When the 107th General Assembly convened this January, the Republican Party controlled the legislature and Governor’s office for the first time in modern Tennessee history. Newly-elected Governor Bill Haslam was determined to make Tennessee more attractive to businesses, and key among his initiatives was tort reform. By session’s end, the General Assembly delivered to Governor Haslam his tort reform measure, which he signed into law on June 16, 2011.

The Tennessee Civil Justice Act of 2011, better known as the Tennessee Tort Reform Bill, goes a long way toward constraining the amount juries may award an injured plaintiff. Foremost, the law caps noneconomic damages at $750,000, and caps punitive damages at twice the amount of compensatory damages or $500,000, whichever is greater. Also, the new law addresses forum shopping by limiting where a plaintiff may file a lawsuit.

Key provisions of the Tennessee Civil Justice Act of 2011

Economic Damages:

  • Places a cap on non-economic damages, which are subjective damages like pain and suffering, at $750,000 per injured plaintiff. The cap does not apply for intentional torts, or when the defendant was under the influence of alcohol or illegal drugs and his or her judgment was substantially impaired, or when a defendant intentionally falsified, destroyed or concealed records to avoid liability.
  • There is no cap, under the measure, on economic damages and any damages that can be objectively quantified may be recovered.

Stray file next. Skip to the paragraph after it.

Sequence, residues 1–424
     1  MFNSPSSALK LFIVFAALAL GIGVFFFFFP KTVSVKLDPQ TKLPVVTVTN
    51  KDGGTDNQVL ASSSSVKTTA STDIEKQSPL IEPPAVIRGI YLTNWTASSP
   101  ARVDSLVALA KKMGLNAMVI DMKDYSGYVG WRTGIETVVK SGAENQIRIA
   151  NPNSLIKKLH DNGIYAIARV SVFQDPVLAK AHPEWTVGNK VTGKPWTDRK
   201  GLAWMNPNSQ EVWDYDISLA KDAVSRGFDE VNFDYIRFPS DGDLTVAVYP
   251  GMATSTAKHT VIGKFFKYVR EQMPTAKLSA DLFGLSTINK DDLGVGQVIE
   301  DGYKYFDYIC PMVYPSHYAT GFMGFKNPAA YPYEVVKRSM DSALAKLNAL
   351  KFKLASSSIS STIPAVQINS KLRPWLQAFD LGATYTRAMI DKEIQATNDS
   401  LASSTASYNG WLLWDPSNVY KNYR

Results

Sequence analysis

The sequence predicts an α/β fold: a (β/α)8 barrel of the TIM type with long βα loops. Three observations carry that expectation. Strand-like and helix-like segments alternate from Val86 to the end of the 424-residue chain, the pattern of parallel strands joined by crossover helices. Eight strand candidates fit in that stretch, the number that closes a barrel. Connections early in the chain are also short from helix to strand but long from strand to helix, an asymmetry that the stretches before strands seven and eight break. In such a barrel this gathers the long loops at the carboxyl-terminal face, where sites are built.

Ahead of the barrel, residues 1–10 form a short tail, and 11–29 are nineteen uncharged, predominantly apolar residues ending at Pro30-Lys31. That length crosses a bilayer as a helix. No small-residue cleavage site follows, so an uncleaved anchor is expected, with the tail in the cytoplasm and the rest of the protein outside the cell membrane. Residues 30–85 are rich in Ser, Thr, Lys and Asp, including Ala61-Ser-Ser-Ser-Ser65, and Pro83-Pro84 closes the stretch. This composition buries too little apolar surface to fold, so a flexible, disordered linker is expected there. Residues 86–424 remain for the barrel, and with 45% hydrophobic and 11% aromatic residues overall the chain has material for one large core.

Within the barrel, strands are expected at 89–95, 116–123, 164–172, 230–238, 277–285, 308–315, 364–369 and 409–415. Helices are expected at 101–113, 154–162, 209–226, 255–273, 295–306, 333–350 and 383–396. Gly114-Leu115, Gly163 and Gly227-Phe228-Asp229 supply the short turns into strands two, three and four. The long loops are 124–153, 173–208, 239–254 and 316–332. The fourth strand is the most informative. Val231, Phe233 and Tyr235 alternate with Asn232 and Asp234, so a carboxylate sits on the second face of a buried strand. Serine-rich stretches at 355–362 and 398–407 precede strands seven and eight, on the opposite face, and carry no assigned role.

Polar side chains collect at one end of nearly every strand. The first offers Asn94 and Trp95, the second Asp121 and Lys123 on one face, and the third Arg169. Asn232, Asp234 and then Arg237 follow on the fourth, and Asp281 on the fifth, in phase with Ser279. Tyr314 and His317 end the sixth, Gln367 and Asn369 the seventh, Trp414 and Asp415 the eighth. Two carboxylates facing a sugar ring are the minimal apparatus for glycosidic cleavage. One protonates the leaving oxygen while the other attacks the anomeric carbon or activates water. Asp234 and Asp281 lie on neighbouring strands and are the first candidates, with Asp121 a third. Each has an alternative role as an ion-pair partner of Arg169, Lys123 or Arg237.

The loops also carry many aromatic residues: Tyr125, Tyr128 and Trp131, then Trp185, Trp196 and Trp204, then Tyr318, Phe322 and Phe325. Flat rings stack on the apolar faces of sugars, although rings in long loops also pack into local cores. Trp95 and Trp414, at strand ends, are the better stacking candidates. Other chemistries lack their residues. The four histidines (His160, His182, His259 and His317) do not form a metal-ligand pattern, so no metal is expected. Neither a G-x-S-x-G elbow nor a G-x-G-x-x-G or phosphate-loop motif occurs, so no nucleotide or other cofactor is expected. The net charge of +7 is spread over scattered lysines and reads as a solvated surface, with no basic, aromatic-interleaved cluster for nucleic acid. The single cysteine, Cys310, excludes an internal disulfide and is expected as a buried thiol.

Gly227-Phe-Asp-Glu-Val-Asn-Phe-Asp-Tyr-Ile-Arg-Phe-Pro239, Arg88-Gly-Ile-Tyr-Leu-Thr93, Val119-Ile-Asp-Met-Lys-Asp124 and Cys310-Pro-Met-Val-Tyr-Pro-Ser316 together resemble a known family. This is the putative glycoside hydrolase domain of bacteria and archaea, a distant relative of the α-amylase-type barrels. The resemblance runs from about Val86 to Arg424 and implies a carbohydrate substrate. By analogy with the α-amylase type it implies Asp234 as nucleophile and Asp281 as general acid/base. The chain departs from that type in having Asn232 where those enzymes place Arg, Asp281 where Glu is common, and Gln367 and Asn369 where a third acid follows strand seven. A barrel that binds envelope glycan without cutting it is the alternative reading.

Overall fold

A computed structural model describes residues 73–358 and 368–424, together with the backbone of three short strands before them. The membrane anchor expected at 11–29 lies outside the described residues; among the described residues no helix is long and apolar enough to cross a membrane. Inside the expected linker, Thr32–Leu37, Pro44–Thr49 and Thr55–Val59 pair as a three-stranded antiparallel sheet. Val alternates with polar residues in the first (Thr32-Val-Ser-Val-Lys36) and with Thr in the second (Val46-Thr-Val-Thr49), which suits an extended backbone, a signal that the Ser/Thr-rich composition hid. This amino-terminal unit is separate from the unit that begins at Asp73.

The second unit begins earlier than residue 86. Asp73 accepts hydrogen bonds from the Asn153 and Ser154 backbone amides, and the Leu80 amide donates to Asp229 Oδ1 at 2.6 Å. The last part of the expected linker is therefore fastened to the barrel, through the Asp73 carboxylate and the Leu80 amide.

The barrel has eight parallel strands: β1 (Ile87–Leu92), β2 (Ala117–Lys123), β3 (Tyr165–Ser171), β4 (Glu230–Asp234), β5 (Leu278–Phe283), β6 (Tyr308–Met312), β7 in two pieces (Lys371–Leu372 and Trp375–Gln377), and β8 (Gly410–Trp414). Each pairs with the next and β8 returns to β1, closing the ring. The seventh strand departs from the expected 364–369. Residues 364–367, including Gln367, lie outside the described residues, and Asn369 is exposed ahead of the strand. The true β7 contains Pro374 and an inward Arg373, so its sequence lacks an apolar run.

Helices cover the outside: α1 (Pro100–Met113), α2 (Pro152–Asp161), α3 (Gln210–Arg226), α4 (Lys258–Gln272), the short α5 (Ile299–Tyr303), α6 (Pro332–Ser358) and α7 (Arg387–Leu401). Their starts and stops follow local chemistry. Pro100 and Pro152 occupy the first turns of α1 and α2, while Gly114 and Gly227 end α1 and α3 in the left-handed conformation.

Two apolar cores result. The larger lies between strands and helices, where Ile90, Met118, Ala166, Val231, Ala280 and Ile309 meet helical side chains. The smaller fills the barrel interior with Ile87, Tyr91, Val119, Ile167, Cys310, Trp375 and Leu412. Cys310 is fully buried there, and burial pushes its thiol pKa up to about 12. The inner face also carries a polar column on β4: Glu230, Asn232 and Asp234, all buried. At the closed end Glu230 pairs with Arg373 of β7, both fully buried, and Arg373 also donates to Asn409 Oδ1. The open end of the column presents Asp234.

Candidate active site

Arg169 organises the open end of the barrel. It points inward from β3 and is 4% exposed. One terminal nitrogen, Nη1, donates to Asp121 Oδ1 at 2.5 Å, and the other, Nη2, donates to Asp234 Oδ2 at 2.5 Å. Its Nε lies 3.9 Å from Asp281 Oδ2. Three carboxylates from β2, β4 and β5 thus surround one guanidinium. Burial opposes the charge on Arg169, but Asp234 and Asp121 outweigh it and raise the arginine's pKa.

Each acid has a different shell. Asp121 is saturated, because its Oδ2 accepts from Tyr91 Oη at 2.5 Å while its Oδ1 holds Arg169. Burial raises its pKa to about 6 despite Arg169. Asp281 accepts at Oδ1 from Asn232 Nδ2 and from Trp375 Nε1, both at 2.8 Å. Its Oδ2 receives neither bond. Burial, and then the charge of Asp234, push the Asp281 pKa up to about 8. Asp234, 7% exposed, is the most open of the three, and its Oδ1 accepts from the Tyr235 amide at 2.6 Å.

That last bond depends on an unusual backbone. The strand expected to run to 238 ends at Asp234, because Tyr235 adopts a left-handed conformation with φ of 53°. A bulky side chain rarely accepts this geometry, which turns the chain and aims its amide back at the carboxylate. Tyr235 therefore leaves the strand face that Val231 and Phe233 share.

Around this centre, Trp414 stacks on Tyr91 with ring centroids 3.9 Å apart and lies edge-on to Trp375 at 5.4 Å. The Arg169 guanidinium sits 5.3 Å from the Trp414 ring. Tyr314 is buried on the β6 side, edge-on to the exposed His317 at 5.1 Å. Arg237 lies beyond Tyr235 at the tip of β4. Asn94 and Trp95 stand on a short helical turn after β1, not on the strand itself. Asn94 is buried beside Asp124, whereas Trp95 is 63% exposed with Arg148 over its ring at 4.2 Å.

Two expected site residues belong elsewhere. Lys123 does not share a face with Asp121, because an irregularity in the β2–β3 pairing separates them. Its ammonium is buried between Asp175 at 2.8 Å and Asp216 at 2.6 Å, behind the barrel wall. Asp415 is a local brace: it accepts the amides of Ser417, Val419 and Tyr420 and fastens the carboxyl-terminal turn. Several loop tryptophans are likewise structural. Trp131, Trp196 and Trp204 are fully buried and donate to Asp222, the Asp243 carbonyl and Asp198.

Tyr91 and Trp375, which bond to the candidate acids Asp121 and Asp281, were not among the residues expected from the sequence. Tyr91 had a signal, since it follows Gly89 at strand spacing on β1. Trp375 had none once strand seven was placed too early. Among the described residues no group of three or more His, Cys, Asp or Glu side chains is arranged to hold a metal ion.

• Apportions noneconomic damages among multiple defendants found liable under comparative fault based on a percentage of fault so long as the plaintiff’s fault is not equal to or greater than 50%.

Punitive Damages:

  • Caps punitive damages, which must be proved by clear and convincing evidence, at two times compensatory damage or $500,000, whichever is greater unless the defendant intended to injure the plaintiff, was under the influence of drugs or alcohol and his or her judgment was substantially impaired, or intentionally falsified or concealed records to avoid liability.
  • Prevents punitive damages in products liability actions, unless the seller had substantial control over the design or manufacturing of the product or had actual knowledge of the defect in the product at the time it was sold.

Venue and Appeals:

  • Requires civil actions be brought in the county where the events constituting the cause of action occurred, where the business has its principal office, or where its registered agent of record is located.
  • Requires the Court of Appeals to hear appeals from trial court orders granting or denying class action certification if a notice of appeal is filed within 10 days after entry of the order. All proceedings in the trial court are stayed pending the appeal of the class certification ruling.
  • Limits the maximum appeal bond amount from $75 million to $25 million or 125 percent of the judgment amount.

Conclusion

By all accounts, Tennessee’s tort reform measure will be attractive to businesses, as the law should prevent outrageous verdicts and limit frivolous lawsuits.  But many argue that the bill is a solution in search of a problem - that jury verdicts in Tennessee were not out of control. And there is also the specter of unintended consequences. For instance, intent will now be central to many claims, an area the plaintiff’s bar will certainly exploit. Before all is done, the Tennessee Supreme Court will no doubt have its say - which may be an issue for a future eNewsletter update.